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By: Dave Gordon

Donald Trump’s presidential campaign, focused on making America great again, promised economic recovery, and a boost in employment. Analysts are saying these promises have begun to bear fruit.

President Donald Trump has been in office for nine months, and by all accounts the country’s overall financial condition has markedly improved on Trump’s watch.

As validated by Fortunemagazine on Aug. 10, 2017, President Trump has exceeded his goal of adding a million jobs since taking the oath of office. In fact,as CNBC reports, the unemployment rate fell to 4.3 percent in July, the lowest rate since March of 2001. (From the time Obama was elected until 2011 the unemployment rate was about double what it is today.)

The number of employed Americans has reached a new high, and the employment-to-population percentage reached over 60 percent, the highest level since February 2009!

It did not take long for improvements to be seen. Just a few months into the Trump administration, swift and impressive changes occurred: The Bureau of Labor reported that in May there were 145,000 more jobs, in June 210,000 more, in July 189,000 more, and in August nearly 160,000 more jobs. The Washington Postreported that the July numbers were “surpassing economists’ expectations”by about fifteen percent.

Furthermore, CNBC noted that President Obama’s average monthly gains in the job market were about 120,000, while President Trump’s are about 170,000, since taking office. These uncharacteristically large numbers have not been seen with such steadiness or reliability for nearly a dozen years.

A Washington Postarticle from July 7thexplained that this prosperous climate “promises to boost economic growth and bring back jobs that had moved offshore.”

Stock markets and Dow Jones saw record highs in 2017, while the U-6 rate, which is more indicative of the health of the whole job market – as it counts people who have stopped looking for work – is also on the decline. In other words, more people are entering or reentering the job market.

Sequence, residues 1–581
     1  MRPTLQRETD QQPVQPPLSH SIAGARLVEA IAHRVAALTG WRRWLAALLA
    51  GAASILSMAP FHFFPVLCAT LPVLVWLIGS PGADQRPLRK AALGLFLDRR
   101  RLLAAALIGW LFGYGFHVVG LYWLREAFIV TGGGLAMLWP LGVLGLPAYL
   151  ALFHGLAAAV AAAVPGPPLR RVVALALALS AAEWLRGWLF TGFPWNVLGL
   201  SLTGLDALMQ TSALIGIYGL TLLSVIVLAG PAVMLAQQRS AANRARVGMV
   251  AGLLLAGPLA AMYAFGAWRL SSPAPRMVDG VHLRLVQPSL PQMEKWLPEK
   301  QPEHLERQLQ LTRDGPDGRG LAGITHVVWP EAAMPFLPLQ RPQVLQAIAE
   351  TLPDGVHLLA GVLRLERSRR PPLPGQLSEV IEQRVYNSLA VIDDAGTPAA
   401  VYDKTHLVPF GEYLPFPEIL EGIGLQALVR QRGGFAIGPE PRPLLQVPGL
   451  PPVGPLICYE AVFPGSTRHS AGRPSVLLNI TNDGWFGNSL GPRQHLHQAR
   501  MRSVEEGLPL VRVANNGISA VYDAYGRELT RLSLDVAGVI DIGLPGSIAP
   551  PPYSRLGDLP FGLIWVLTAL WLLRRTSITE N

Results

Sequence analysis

Reports say that Michael Feroli, chief U.S. economist for JP Morgan, explained that these numbers are “pretty solid across the board,” suggesting “there is really no slowing the momentum of the labor market.”

The Federal Reserve sees the economic boom as justification to raise interest rates to more normal levels. Despite this, lending for businesses has not slowed significantly.

The New York Times– no fan of Trump’s – even conceded in an article in August of this year “Jobs, Factories, and Stocks Provide Economic Lift for Trump.” The Timesnoted that the unemployment was at its lowest in 16 years! Of particular note was that the Grey Lady explained how even business owners who have openly opposed the president find the employment numbers promising.

The New York Times – no fan of Trump’s – even conceded in August that “Jobs, Factories, and Stocks Provide Economic Lift for Trump,” noting that the unemployment was at its lowest in 16 years!

Big auto manufacturers like Toyota and Mazda have responded to the uptick in employment demand, and plan to open new manufacturing plants in the US. This will create at least 4,000 more jobs.
Toyota currently owns ten U.S. plants, which employ more than 136,000 Americans. Toyota reportedly plans to invest $10 billion in the United States over the next five years. Also, Taiwanese electronics supplier Foxconn announced plans to open a new plant in Wisconsin, which will add 3,000 new jobs.

There is no question that the jobs statistics look remarkable. However, many are still concerned that pay scales are not where they should be.

CNN reports there is still a “problem of stagnant wages.” Average hourly earnings have increased by only 2.5 percent over the past fourteen months. The Federal Reserve notes it would rather see a 3 to 3.5 percent increase.

Are all of these successes – the jobs, financial boom, stock market, and so on – merely coincidence, or feature of a natural pendulum swinging favorably after so manyyears of dips?

To be fair, critics will say that most economic or job reforms do not have the anticipated effect for some time, so Trump’s impact on the market may
be minimal.

Still, The New York Timescited the significance of President Trump’s proposed tax reform, domestic infrastructure spending, and “curbing our outsourcing” that would have a “logical impact on American business and foreign investment.” Companies have been emboldened to expand or invest, as a result of these promises and legislations, said the Times.

A case can be made that the country’s economic growth may very well be because the president has shown in good faith that he is steering the ship in the right direction.

President Trump’s supporters and detractors alike have taken note ofthe country’s economic gains, although they may not agree on how much Trump can take credit. According to Tom Gimbel, chief executive of LaSalle Network, a Chicago staffing company, “Trump hasn’t done anything tangible yet, but he has injected hope for corporate growth, tax reform, and deregulation among business leaders, and that’s driving hiring,” Ideally, the current positive business environment will lead to more business growth and more prosperity in our country.